New laws and legislations can be hard to navigate. Besedo helps businesses like yours get everything in place quickly and efficiently to adhere to these new legislations. Get in touch with us!
Scammers are unrelenting. And smart. They’re active right throughout the year. This means there’s no particular season when online marketplace and classified site owners need to be extra vigilant. The pressure’s always on them to maintain user safety.
However, scammers know when and how to tailor their activities to maximise opportunities. That’s why they’ll often latch onto different events, trends, seasons, sales, and other activities throughout the year – using a variety of techniques to lure in users, under the guise of an offer or piece of information.
With so much going on in 2020 – from the Tokyo Olympics to US election – scammers will almost certainly be more active than usual. Here’s what consumers and marketplaces need to be aware of this year.
If you want to learn more about the specific scam spikes, visit our scam awareness calendar where we predict spikes on a month-by-month basis.
When the nights draw in and temperatures drop, many begin to dream of sunnier climes and set about searching for their next holiday.
But whether it’s a summer booking or winter getaway, price is always an issue. Cue thousands of holiday comparison sites, booking portals, and savings sites. While many of these are legitimate outfits, often the convoluted online booking experience – as a consequence of using aggregation sites – can confuse would-be travellers.
They’re right to be cautious. As with buying any other goods or services online, even the most reputable travel sites can fall victim to scammers – with scammers advertising cheap flights, luxury lodgings at 2 Star prices, and also offering ‘free’ trips (before being lured into attending a pressured timeshare sales pitch).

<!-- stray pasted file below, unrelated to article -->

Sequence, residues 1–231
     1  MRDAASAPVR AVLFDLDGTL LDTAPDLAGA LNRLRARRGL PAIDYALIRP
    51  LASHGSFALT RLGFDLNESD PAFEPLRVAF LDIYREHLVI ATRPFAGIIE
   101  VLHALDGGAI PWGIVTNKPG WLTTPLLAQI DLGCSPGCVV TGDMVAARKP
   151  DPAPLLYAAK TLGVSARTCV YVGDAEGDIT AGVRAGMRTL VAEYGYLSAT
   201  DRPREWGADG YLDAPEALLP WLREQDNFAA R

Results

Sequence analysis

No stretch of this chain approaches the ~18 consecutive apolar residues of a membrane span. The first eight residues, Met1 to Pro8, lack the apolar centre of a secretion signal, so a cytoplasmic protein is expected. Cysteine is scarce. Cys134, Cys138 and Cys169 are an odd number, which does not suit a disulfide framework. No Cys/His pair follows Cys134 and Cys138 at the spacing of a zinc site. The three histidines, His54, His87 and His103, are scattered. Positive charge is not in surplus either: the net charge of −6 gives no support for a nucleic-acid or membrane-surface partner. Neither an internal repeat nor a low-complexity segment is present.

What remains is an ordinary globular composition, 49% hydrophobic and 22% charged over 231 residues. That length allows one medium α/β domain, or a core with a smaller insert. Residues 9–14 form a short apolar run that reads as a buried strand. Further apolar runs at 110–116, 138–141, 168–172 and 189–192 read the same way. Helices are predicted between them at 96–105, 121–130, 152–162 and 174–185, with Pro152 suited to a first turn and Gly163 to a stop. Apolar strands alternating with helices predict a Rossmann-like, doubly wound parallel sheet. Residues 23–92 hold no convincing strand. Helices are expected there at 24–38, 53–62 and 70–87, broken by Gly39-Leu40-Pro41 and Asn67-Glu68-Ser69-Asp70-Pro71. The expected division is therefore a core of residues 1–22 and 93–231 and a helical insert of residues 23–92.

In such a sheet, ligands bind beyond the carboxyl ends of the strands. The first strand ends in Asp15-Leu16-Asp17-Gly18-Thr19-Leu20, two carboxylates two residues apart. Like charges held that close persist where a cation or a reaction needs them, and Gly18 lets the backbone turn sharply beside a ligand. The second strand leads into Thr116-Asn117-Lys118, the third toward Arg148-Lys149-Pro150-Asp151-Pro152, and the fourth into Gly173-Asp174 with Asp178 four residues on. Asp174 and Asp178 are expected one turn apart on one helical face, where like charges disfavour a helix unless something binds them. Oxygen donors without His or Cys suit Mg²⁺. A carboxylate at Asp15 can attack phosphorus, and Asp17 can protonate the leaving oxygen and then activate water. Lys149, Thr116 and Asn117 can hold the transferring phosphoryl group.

If in doubt, customers should always book the best-known travel sites, pay using their verified portal (rather than a link sent via email or direct bank transfer) to ensure that the company that they actually pay for their holiday is accredited by an industry body (such as ATOL in the UK).
From Valentine’s Day to Easter; Halloween to Hanukkah – seasonal scams return with perennial menace year-after-year. Designed to capitalise on themed web searches and impulse purchases, fraudsters play the same old tricks – and consumers keep falling for them.
Charity scams tend to materialise around gift-focused holidays, like Thanksgiving in the US, as well as at Christmas. Anyone can fall victim to them – such as the recent case of NFL player, Kyle Rudoph, who gave away his gloves after a high scoring game for what he thought was a charity auction; only to discover they were being sold on eBay a few days later.
Another popular seasonal scam is phishing emails offering limited-time discounts from well-known retailers, as well as romance scams (catfishers) in which some are prepared to cultivate entire relationships online with others simply to extract money from them.
The general rule with any of these is to be wary of anyone offering something that seems too good to be true – whether it’s a 75% off discount or unconditional love. Scammers prey on the vulnerable.
A whole summer of soccer is scheduled for June and July this year – thanks to the upcoming UEFA European Football Championship (Euro 2020) and the Copa America; both of which will run at the same time: on opposite sides of the World.
However, while you’d expect fake tournament tickets and counterfeit merchandise to be par for the course where events like these are concerned – and easily detectable. But the reality is that many fraudulent third party sites are so convincing, buyers are falling for the same scams experienced in previous years.